One of the big knocks against biodiesel (and other renewable fuels made from grains) is that production of the green fuel takes away from feed for livestock (and for people). Well, a college in Canada is trying to break that image that livestock producers and biodiesel producers can’t work together.
This story from Biodiesel Magazine says the Centre for Agricultural Renewable Energy and Sustainability at the University of Guelph’s Ridgetown Campus in Guelph, Ontario, is building a model farm-scale oilseed processing and biodiesel production plant on campus to show how soybean and pork producers can work together to produce biodiesel and feed hogs:
The project is being funded through a CAN$938,000 (US$734,000) grant from Agriculture and Agri-Food Canada’s Advancing Canadian Agriculture and Agri-Food program, part of Ontario’s Agricultural Adaptation Council.
According to Art Schaafsma, director of the Ridgetown Campus, the facility will help researchers to understand the correct scale for an on-farm biodiesel operation, including how many acres of oilseed crops would be needed to supply feedstocks for biodiesel production and how many hogs would be needed to consume the resulting meal…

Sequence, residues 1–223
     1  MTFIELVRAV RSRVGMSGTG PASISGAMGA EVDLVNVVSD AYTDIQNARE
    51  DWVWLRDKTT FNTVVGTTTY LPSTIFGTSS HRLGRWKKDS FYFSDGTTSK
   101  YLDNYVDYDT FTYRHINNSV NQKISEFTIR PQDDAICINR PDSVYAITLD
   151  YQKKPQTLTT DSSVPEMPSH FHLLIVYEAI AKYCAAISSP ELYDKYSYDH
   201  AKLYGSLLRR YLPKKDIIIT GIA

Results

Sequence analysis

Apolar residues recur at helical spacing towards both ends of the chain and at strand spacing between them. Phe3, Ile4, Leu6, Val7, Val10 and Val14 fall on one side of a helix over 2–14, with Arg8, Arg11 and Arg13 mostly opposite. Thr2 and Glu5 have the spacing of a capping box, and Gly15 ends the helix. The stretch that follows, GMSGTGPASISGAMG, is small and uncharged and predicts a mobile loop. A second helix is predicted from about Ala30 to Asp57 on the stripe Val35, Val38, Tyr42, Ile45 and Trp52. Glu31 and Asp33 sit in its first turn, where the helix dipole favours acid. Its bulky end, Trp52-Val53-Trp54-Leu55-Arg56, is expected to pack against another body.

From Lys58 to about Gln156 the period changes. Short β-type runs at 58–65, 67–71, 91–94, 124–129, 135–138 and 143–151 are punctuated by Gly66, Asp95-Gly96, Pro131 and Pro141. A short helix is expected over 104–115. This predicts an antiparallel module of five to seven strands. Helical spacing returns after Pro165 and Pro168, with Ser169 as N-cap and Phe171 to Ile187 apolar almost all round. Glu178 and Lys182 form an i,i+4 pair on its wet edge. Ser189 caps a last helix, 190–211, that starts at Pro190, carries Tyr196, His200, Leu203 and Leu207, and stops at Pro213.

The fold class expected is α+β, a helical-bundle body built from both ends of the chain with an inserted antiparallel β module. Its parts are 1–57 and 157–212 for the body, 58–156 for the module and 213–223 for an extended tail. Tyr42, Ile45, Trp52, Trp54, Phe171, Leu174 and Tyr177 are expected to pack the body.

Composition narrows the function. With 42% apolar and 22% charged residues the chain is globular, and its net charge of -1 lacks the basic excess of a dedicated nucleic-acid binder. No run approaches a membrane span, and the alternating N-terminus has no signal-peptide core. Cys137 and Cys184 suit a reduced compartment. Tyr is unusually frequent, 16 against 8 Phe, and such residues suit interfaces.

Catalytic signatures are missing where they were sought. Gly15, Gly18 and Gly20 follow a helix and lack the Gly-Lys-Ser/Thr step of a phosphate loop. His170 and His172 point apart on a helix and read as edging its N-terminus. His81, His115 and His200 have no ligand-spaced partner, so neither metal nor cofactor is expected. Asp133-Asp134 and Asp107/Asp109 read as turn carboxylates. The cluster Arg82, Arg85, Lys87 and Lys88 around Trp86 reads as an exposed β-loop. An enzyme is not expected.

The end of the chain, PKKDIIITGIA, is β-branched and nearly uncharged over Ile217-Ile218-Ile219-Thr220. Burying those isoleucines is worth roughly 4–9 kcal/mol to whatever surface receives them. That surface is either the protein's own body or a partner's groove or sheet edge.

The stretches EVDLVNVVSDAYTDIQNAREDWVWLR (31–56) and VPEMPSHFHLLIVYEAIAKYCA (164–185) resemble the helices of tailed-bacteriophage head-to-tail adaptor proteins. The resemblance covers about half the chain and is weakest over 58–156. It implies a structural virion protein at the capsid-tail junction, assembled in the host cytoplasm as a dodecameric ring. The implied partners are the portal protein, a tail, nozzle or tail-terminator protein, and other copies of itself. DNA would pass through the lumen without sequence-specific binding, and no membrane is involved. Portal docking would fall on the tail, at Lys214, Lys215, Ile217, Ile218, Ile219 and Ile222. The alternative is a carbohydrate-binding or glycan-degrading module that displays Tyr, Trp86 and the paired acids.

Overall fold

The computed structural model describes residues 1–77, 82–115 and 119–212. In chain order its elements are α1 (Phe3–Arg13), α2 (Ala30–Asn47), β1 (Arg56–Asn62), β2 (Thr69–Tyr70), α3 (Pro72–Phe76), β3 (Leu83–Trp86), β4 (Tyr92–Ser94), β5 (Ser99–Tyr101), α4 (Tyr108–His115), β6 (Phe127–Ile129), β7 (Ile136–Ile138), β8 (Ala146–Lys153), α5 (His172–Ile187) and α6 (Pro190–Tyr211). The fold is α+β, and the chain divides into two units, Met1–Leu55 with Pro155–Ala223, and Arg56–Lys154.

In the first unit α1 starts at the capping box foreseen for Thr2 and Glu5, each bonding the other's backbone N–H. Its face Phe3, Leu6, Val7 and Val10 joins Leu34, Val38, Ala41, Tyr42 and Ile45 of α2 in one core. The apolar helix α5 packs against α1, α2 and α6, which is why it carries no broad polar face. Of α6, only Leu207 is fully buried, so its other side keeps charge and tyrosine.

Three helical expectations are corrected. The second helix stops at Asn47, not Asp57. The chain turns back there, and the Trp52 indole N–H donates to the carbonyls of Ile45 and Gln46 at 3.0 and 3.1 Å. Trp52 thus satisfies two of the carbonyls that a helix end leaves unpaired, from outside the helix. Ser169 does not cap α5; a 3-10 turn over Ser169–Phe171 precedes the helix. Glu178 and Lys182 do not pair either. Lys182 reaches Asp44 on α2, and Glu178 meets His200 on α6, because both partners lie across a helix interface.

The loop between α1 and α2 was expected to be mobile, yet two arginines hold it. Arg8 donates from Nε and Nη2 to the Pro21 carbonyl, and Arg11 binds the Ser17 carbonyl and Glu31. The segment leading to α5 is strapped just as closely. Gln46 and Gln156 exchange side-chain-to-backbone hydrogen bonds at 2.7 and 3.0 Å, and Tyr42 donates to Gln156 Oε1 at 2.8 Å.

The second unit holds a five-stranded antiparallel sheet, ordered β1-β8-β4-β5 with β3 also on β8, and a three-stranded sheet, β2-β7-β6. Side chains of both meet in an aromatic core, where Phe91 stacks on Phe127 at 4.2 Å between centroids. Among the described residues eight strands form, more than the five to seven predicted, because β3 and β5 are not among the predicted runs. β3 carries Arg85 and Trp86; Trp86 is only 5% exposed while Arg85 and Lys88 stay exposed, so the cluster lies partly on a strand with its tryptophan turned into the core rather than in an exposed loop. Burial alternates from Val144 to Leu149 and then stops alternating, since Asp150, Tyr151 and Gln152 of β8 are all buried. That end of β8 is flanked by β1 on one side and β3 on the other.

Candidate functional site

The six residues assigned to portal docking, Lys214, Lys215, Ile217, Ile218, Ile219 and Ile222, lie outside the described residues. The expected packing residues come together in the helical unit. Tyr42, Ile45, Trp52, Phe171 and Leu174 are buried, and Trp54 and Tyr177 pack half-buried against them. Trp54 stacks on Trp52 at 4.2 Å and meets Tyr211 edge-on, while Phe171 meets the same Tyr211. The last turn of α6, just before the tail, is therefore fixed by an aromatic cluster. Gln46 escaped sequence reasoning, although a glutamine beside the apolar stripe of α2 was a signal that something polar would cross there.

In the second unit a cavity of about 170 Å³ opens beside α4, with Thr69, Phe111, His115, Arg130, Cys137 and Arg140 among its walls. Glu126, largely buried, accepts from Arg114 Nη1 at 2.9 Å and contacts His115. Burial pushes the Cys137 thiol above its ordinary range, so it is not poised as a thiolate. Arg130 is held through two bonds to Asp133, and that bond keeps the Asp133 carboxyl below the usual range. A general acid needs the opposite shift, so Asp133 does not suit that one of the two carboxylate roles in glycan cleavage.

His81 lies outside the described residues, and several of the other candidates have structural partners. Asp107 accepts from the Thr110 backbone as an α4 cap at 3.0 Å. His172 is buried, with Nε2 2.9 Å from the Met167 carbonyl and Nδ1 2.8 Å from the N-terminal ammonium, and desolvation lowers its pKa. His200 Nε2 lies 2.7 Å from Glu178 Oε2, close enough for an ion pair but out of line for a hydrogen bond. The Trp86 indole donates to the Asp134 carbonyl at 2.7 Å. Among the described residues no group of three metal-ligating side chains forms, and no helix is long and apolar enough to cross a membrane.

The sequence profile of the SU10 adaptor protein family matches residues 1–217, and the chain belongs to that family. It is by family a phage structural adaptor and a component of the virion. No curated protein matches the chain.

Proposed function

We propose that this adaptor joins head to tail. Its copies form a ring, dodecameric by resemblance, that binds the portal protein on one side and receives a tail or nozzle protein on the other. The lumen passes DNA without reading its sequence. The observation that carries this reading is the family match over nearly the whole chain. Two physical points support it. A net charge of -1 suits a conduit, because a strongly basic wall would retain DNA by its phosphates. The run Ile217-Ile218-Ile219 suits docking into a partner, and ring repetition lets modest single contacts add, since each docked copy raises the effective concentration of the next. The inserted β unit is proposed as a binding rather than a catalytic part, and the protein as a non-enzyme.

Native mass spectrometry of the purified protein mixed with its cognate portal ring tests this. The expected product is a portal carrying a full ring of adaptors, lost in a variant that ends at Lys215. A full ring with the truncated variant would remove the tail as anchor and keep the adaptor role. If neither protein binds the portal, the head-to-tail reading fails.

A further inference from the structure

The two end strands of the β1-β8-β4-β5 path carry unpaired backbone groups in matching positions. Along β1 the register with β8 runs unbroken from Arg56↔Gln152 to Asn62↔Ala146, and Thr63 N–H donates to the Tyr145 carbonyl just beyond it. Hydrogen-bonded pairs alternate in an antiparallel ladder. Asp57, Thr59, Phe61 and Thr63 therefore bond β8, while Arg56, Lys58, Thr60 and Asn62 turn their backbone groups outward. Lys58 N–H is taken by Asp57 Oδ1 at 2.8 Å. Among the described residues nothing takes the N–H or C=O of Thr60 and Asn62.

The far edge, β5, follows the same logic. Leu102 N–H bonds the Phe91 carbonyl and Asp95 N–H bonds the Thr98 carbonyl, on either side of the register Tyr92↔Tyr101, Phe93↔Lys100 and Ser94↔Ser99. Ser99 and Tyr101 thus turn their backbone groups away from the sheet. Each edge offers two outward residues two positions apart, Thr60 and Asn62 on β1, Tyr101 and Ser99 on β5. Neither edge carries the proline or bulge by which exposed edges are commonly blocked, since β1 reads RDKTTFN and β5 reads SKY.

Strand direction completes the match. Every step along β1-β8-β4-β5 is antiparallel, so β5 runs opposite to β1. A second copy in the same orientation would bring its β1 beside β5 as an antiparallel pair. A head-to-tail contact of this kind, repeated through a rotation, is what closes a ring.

Schaafsma said researchers ultimately want to know how much farmers might gain by crushing oilseeds, and making meal and biodiesel on the farm instead of transporting the oilseeds to be sold elsewhere, or purchasing meal and biodiesel elsewhere and transporting it to the farm. Furthermore, the farm-scale, closed-loop model of farming has its detractors. “It doesn’t garner a lot of favor with the folks that argue that you have to have huge scale to be profitable,” he said. “We’re somewhat going against the stream on this.
The article goes on to say that even the glycerin from the biodiesel production could be used for heat or electricity. Since it is being set up by a college, it will be used to teach students as they help run the facility.